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Forum topic by kolwdwrkr posted 03-16-2009 05:25 AM 1456 views 0 times favorited 34 replies Add to Favorites Watch
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kolwdwrkr

2821 posts in 3057 days


03-16-2009 05:25 AM

Topic tags/keywords: question

Hello all. Since I’ve been here at LJ’s I’ve noticed that a lot of you do photography. I am interested in purchasing a good used camera hopefully with some additional lenses and am wondering what I should be searching for. I want to use it for taking photos of my work, but I also want to start snapping pictures of random stuff for practice. I’d like to be able to take photos and then have them put onto a jump drive or something to download them to the comp. I am saying this because for the budget we are talking about I will most likely have to have a film camera, not a digital. So I would probably take the film to Kinkos or the like to have them developed and downloaded. I’m a complete amatuer to this and have no problem saying that I don’t know what the hell I’m talking about. I use a digital Canon power shot A590 and a Kodak easy share ZD710 right now and the pictures always seem to come out blurry and not to the level I’d like. I feel like I steady the camera enough to not have blur from motion. It looks blurry in the screen as if they are not focusing properly. Not sure what to do other then start searching for a better camera. Any thoughts are much appreciated.

-- ~ Inspiring those who inspire me ~


34 replies so far

View Craftsman on the lake's profile

Craftsman on the lake

2523 posts in 2904 days


#1 posted 03-16-2009 05:32 AM

I don’t know much about film cameras except that I’m glad not to have to develop pictures any longer. I have the Canon 1000 and find that it works just fine. In fact I’m amazed at how most of today’s cameras are easy to get a good clear picture. The ability to download them into a picture storage program on my computer and print them out or archive them is by far much beyond the shoe boxes filled with snaps. You can still bring them to a store and have them printed. As far as lenses. There are some digital slr’s that take lenses. I often thought I should have one of those but the stability of these little digitals along with the macro function makes it easy to do closeup’s too. Your 590 should be a good camera.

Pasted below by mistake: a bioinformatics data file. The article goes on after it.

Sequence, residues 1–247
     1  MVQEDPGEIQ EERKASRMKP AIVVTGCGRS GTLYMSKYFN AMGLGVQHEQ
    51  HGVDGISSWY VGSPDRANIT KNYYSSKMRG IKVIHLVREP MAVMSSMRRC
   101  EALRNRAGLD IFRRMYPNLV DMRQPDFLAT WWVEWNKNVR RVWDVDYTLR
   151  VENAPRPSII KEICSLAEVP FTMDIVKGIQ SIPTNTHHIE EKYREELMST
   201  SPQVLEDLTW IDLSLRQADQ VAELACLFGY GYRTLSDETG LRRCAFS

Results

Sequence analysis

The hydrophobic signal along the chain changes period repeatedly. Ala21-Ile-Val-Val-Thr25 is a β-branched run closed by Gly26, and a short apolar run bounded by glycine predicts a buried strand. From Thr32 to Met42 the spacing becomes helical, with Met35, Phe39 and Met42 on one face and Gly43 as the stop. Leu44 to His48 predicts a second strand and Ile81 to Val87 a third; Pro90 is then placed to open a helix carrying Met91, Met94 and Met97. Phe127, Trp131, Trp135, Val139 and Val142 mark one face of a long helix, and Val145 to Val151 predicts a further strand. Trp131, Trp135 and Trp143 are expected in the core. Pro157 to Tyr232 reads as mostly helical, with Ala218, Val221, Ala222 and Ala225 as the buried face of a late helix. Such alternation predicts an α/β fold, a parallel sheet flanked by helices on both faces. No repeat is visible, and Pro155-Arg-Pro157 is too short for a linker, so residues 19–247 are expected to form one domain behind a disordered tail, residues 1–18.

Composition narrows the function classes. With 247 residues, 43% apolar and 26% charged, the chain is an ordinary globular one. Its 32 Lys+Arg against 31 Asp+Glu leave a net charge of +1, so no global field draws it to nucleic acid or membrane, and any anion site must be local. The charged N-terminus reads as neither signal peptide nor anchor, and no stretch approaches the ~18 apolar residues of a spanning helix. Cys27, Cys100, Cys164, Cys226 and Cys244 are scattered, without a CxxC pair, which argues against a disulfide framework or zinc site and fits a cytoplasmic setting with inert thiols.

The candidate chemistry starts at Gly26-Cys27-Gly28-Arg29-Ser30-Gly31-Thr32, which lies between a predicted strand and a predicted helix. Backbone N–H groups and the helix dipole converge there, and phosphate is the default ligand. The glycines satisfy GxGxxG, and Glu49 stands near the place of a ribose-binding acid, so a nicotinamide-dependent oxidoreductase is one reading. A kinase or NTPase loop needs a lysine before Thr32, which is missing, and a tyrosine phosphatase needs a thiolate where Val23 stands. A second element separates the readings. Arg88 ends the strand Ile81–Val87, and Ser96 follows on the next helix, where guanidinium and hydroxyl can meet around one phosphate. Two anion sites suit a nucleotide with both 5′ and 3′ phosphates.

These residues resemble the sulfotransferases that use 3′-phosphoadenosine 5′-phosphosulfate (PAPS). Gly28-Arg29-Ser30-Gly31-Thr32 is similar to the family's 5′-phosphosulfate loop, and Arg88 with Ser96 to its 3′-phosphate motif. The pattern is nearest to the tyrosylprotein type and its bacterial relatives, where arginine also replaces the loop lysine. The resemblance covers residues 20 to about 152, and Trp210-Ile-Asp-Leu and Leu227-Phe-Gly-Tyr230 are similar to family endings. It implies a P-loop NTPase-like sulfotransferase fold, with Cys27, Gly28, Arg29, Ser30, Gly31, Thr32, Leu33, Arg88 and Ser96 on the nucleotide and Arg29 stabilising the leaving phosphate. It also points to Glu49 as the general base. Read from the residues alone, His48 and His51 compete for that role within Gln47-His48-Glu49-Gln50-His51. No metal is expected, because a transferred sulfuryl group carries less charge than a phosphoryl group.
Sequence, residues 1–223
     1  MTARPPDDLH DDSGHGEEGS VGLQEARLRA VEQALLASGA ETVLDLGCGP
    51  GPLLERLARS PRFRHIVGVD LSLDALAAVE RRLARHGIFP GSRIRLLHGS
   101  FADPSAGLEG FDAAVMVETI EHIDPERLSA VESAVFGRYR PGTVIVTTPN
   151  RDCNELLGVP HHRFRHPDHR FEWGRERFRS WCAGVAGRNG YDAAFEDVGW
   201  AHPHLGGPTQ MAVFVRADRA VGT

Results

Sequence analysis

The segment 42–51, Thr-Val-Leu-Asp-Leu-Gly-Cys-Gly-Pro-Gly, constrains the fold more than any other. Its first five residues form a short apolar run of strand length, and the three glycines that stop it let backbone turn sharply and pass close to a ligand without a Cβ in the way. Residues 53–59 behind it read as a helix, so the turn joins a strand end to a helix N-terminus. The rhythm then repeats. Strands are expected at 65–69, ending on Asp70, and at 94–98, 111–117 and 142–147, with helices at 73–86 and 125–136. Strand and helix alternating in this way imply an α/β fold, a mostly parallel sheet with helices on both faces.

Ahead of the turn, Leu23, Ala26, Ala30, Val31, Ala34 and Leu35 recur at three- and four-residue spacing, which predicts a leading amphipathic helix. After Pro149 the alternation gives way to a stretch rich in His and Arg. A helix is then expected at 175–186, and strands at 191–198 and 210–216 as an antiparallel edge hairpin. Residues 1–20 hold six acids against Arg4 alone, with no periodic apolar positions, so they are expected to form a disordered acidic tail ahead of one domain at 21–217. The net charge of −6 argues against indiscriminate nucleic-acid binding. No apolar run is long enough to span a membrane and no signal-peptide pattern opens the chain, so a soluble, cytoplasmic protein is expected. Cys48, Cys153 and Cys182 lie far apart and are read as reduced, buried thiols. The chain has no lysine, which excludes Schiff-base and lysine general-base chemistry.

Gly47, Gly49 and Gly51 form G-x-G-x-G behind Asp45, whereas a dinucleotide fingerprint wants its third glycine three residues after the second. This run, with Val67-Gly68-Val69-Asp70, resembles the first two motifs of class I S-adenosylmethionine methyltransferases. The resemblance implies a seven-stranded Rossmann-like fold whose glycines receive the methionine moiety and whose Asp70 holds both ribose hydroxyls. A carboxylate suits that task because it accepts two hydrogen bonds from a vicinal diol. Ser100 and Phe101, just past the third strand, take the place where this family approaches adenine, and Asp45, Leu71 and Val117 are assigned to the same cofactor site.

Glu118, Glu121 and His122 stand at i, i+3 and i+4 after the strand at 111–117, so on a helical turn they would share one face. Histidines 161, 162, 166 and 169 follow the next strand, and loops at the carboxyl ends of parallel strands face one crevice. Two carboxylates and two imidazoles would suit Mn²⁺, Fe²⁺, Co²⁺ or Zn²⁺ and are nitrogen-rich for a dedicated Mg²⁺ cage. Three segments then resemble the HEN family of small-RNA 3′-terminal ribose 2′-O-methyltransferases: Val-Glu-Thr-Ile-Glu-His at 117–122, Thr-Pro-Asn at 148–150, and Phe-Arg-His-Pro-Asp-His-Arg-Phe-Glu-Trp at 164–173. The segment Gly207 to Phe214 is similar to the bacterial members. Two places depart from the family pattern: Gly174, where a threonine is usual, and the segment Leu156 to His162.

-- The smell of wood, coffee in the cup, the wife let's me do my thing, the lake is peaceful.

View oldskoolmodder's profile

oldskoolmodder

799 posts in 3146 days


#2 posted 03-16-2009 05:51 AM

The Kodak is a fine camera. It’s not the camera, but it is you being unsteady, to be blunt about it.

If it’s like my Kodak P850, it’s got a dial on top as do SLR film cameras, but there’s a setting that might say SCN, and let’s you try different settings. Try the icon that looks like a runner, that’s the sports setting and you’ll at least get less blurry pics that way, see how that works, and if nothing else, try a tripod. Even a tabletop tripod is a good buy for less than $5-10. From there, try all the different settings until you find one that works best for you.

There’s no reason to “go backwards” to film, if you have a quite capable digital camera. I went from a $2500 SLR film Camera to a $300 Digital that did nearly everything I wanted, then after over 10,000 digital photo’s, I got a Nikon Digital SLR camera that uses the lenses from the old SLD film Cam.

-- Respect your shop tools and they will respect you - Ric

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CharlieM1958

16244 posts in 3685 days


#3 posted 03-16-2009 05:58 AM

Your digital camera should be capable of taking sharp, clear photos. Either it is defective, or you are doing someting wrong. A lot of people develop a flinch. Many digital cameras have a slight delay. You’ll press the shutter release, but you have to hold it a second before you move a muscle. If you just press and move, your photo will be blurry. Also, the brighter the lighting, the less the chance of blurring, because the camera will automatically be selecting a higher shutter speed in bright light.

-- Charlie M. "Woodworking - patience = firewood"

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tooldad

660 posts in 3181 days


#4 posted 03-16-2009 06:05 AM